Bishop of Lyra, Bourbon biscuit, bratwurst, Britten, Camelot, Ceremony of Carols, Elijah, Elisha, Frankfurter, Nunc Dimittis, Old Hundredth, Peter-Pears, Richard Burton, Richard Harris, St Nicolas
Mr Geoffrey Poskett, Choirmaster of St Birinus Middle School, was over-
excited as usual. It was almost the end of September and he had given a
great deal of consideration- mainly in the wee sma’ hours-to the
programme for his showcase Christmas term concert.
Greetings, chaps and chapesses! he enthused. (Several singers groaned.)
Welcome to the parents and staff who are supporting the boys in the end of
term concert. I am delighted to announce that we will be performing Britten’s
Ceremony of Carols and St Nicolas. If ever there was an accessible
programme, then this is it. Now I know that you will be wondering who the
soloists are going to be and I can announce that the youngest boy in the
choir will be the youthful Nicolas, as is traditional..
Here some parents looked as if they were about to vote with their feet, as
they had assumed that their mini Peter-Pears-in-the-Making was going to
land the eponymous role.
In fact, John Boothroyd-Smythe might have been a good choice as he
had nerves of steel, but his voice was about to break.
Geoffrey couldn’t imagine the latter springing from his mother’s womb, singing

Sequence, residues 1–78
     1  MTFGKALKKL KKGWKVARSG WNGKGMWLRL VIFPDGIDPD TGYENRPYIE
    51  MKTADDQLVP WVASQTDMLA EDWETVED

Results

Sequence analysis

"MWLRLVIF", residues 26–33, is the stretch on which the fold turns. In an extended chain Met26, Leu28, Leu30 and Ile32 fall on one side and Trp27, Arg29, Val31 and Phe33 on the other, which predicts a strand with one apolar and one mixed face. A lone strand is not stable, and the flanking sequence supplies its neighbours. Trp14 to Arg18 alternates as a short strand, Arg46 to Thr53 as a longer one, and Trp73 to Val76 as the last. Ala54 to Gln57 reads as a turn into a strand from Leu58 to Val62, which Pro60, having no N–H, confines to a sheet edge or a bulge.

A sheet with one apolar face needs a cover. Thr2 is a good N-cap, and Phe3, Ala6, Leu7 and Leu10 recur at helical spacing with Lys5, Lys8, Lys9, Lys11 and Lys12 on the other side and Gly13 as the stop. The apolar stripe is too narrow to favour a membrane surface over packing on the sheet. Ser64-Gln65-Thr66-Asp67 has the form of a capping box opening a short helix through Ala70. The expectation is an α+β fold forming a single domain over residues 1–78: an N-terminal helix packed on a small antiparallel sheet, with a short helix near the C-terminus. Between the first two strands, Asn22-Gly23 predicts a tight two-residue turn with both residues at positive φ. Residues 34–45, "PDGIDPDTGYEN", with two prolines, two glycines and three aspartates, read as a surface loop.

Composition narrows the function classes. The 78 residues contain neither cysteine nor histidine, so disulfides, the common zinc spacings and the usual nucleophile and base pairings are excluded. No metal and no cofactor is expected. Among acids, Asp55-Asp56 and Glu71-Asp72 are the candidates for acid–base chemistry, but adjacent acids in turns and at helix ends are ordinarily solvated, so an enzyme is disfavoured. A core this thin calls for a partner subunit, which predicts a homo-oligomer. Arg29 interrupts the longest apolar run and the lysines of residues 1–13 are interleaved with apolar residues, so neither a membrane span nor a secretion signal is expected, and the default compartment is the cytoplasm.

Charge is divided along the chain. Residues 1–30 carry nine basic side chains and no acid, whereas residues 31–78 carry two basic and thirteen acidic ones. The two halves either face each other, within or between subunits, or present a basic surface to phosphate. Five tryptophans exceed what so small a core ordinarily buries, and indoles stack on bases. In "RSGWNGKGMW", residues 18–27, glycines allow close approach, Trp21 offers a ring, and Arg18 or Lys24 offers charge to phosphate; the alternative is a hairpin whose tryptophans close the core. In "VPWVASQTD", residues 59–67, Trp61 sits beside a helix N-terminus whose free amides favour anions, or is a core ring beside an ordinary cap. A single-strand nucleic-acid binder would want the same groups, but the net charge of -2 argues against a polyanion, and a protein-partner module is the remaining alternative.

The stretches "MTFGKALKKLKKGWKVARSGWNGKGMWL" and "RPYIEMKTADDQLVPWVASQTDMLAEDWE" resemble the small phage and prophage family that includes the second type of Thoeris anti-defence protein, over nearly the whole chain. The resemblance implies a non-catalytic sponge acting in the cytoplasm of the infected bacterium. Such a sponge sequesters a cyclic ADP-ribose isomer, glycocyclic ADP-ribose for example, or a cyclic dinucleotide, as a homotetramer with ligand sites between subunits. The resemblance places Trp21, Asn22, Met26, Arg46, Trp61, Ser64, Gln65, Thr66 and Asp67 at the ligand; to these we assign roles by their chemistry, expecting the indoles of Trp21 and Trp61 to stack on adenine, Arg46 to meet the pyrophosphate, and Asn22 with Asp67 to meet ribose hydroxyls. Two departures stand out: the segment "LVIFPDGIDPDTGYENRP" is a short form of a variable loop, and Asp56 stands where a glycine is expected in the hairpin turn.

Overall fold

‘God be glorified!‘ He had tried to keep the delinquent on board, but when he
had offered him the part of the final member of the trio of pickled boys,
Timothy, Mark and John, the ingrate scornfully replied, Who wants to be a
The answer to that was none of the boys, particularly, but all of their parents
were gagging for them to be chosen and were ready to literally sacrifice their
darlings, whether they were to be actually preserved in brine or not, for the
sake of a favourable mention in a review in the school magazine.
John’s rudeness had earned him a detention with Mr Snodbury. When he saw
the on-duty master reach into his briefcase for a quick snifter from what looked
suspiciously like a hip flask, John felt that the old boy would have been first
rate as a pickled adult.
John’s interpretation of the boys as Frankfurters, or chipolatas, en vinaigrette,
was somewhat literal.
Geoffrey had bitten back a comment to the effect that the role of
metamorphosed, or resurrected bratwurst would be highly appropriate for
such a pupil as himself.
Some of the semi-professional male instrumentalist members of staff who had
turned up to lead the Junior String Orchestra had been hoping for an elevation
from the ranks and longed for a recognition of their solo tenor voices. In
short, they wondered if one of their cohort might land the part of the adult
And so it came as a surprise when Poskett announced that Mr Nigel
Milford-Haven was going to sing the role of the saint, in view of his
enhanced experience which had been finely tuned– ahem!( he was aware
of his own pun) at the Bath Monteverdi workshop over the summer.
Nepotism! muttered one of the viola players, but that was to be expected
from a musician in their section.
Over tea in the staffroom the following day, Nigel raised the subject very
casually with Mr Snodbury as he stood in line to choose a biscuit from the
hostess trolley. He mentioned that he had been elected to sing the part of
the Bishop of Lycra.
Snod looked at him as if he was a first former and corrected him: Lyra, sir!
Lyra! He then snaffled the last Bourbon biscuit, which Nigel had been eyeing